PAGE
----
Breach of Contract Claim Not Barred By Fraud Exclusion
The United States District Court for the Middle District of Tennessee, applying Tennessee law, has held that a fraud exclusion in a professional liability policy did not bar coverage for a breach of contract claim arising out of a franchise agreement. For Senior Help, LLC v. Westchester Fire Ins. Co., 2020 WL 1532292 (M.D. Tenn. Mar. 31, 2020). The court determined that the separately awarded damages for the breach were based on the insured’s failure to meet contractual obligations, regardless of the insured’s otherwise fraudulent conduct.
The insured, a franchisor, entered into a franchise agreement with a company for the operation of non-emergency transportation and patient care services. The agreement provided that the insured would provide operations support services to the franchisee. However, the insured failed to provide the services, and the franchisee engaged its own services as a result. Both parties alleged breach of the franchise agreement.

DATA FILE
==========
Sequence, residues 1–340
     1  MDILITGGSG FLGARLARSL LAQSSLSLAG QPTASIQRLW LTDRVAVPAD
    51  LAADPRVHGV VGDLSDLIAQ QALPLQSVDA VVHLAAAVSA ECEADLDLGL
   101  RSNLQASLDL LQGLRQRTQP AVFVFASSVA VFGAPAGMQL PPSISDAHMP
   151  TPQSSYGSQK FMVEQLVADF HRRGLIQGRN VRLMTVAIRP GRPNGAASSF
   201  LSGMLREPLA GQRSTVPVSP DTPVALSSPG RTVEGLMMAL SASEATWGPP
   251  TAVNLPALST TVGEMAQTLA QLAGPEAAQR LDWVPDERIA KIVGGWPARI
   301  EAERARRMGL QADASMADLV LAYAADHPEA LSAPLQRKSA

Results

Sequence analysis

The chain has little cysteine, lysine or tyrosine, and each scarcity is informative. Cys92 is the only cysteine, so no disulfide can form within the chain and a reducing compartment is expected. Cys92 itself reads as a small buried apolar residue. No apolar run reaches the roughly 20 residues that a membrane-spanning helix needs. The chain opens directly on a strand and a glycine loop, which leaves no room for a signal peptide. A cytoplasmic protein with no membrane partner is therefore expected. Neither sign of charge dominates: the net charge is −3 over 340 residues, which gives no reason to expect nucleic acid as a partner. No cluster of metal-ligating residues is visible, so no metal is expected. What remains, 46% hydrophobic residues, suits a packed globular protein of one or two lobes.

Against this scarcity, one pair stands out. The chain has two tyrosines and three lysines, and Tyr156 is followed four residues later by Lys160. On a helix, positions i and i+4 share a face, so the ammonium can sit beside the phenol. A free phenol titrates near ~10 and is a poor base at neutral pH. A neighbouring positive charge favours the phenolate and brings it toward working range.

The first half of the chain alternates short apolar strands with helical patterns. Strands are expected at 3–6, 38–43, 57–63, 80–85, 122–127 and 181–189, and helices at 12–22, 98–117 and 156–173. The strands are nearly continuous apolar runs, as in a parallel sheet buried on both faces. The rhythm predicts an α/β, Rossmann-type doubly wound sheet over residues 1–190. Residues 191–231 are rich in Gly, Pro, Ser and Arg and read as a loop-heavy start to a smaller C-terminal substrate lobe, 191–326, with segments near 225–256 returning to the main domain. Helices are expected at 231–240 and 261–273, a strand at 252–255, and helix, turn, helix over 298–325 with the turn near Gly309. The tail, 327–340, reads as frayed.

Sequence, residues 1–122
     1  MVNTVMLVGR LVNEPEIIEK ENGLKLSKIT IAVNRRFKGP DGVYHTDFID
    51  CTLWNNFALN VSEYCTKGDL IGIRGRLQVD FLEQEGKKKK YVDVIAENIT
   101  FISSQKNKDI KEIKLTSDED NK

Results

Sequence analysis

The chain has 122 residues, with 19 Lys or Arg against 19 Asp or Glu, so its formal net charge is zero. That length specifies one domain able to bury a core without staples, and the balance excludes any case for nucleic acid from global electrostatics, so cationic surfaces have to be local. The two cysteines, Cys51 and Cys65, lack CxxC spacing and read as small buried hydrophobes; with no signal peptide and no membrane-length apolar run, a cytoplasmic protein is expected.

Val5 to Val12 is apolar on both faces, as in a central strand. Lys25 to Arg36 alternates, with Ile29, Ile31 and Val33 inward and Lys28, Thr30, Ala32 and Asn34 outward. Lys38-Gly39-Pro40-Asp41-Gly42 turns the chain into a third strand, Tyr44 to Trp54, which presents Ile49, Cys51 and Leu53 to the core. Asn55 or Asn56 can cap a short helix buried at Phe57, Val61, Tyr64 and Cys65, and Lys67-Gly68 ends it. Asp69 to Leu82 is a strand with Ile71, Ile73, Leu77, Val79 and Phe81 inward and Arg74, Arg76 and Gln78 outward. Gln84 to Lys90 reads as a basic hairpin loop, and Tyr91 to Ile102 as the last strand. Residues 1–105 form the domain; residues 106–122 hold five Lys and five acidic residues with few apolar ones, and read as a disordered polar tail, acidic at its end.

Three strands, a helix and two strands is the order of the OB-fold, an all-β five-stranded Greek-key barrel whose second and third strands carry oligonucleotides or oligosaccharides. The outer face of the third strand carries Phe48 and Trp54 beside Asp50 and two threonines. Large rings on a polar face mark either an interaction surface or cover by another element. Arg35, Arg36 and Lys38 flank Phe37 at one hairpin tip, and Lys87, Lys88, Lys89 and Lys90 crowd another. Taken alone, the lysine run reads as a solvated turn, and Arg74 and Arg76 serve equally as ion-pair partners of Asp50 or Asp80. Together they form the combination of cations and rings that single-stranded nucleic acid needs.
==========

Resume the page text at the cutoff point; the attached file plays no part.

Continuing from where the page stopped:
In a subsequent arbitration, the arbitrator concluded that the insured had knowingly misrepresented that it would provide the operations support services when entering into the contract. The arbitrator found that the insured breached the franchise agreement and defrauded the franchisee, awarding amounts in favor of the franchisee for breach of contract, fraud, and other claims.
The insured did not dispute that the damages attributable to the fraud claim were not covered. However, the insured contended that the breach of contract damages were covered under its professional liability policy. The insurer denied coverage under the policy’s “fraud exclusion,” which barred coverage for claims “alleging, based upon, arising out of, or attributable to any dishonest, fraudulent, criminal or malicious act or omission, or any intentional or knowing violation of the law by an Insured[.]” The insurer reasoned that all of the damages arose from the insured’s fraudulent conduct when entering into the agreement.
Relying on Tennessee’s “concurrent cause doctrine,” the court held that coverage existed under the policy for the breach of contract damages. The court noted that, aside from the insured’s fraudulent misrepresentations, the “conduct that directly caused the breach of contract and the resulting damages was [the insured’s] failure to provide operational services as required by the contract.” The court also held that the franchisee’s attorney’s fees and arbitration costs were properly awarded under the arbitration association rules and not barred by the fraud exclusion.